Ehrenreich digs up the dangerous delusions at the heart of the positive psychology movement in Bright-Sided.

Do you think positive thinking will ever take hold in non-Western societies?

This is an American phenomenon with deep roots. There are some European antecedents, but the Americans really had a positive thinking movement. Positive thinking is a reaction to all the repression in our early history, but it's still rooted in Calvinism. The answer today is to discipline yourself; those who can't are the new “sinners.”

Juxtaposing Dancing in the Streets with your latest, it seems natural that the repression of collective pleasure is connected to how happiness has become individualized.

I appreciate that connection. We have lost the techniques and the spirit of collective joy—everyone's in a prison of self and the mindset is, if you have a problem you can fix it if you just change your own mind.

What do you think about the role of science in the positive thinking movement?

I have a Ph.D. in cellular biology, and I like to think of what I do as a “bullshit detector”: as soon as I latch on to a problem, I look up the research—I'm not intimidated by it. Positive thinking was rooted in mysticism and religion until the positive psychology movement gave it the imprimatur of science and the legitimacy that comes with empirical research. This research claims positive thinking can boost the immune system and fight cancer—when no real relationship has been shown.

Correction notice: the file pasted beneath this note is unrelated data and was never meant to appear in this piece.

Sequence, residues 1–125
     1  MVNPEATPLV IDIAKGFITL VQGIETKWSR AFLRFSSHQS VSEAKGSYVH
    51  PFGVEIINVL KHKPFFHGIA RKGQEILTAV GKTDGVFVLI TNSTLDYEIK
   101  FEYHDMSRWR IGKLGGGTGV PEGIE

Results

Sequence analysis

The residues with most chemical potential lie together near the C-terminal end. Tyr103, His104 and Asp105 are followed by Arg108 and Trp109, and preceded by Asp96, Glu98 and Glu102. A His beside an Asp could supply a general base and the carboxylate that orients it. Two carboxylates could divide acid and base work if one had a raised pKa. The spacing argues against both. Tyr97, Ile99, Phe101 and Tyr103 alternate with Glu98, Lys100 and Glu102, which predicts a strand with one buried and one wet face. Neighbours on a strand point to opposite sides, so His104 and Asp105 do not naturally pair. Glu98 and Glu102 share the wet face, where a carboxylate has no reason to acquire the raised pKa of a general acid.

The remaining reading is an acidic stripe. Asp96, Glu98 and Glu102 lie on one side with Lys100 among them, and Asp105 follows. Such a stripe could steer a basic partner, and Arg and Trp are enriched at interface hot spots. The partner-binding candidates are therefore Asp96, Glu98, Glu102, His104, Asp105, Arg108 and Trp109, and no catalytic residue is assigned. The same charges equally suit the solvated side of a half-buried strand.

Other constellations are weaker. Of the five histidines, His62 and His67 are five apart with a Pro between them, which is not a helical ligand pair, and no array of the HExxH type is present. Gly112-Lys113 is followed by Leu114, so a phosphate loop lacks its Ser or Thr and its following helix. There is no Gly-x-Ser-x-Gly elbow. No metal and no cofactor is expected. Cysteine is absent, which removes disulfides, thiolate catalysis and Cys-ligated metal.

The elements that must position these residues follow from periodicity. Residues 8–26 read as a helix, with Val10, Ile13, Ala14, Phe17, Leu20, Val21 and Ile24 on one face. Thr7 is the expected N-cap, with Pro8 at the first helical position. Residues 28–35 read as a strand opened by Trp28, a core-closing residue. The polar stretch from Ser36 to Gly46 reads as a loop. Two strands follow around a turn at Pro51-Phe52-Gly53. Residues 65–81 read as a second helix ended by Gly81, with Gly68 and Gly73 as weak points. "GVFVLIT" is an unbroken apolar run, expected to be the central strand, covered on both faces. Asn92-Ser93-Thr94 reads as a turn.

What did you think of the “hope and change” messages from the Obama campaign? Were they tapping into the positive thinking attitude?

I couldn't get on the hope bandwagon—my Obama bumper sticker said “Change.” But in practice, Obama is a realist. He's not projecting the same kind of vague hope that we had with Clinton or even with Reagan, who talked about “Morning in America.”

Given what you say about Oprah, do you think she'll invite you on the show?

I've been on Oprah twice, and the second time, I talked back to her. She was saying that poor women just have to think positively, and I disagreed. She's fascinating, but there's no escaping that she's done a lot to promote this line of thinking that we can pull ourselves out of poverty with our attitude. I take Larry King to task for the same thing, so yes, I think I have destroyed my opportunities for public appearances. But the Daily Show called me!

You take the reader on a journey that's often personal and certainly not always comfortable. Where do you want people to end up after reading this?

It feels funny calling for realism; it's sort of flat and boring and almost worse than calling for hope. But I want us to agree that we share the same empirical world. It's not very exciting (certainly not as exciting as “you can make it better if you just think positively”), but it's something we need to do to survive.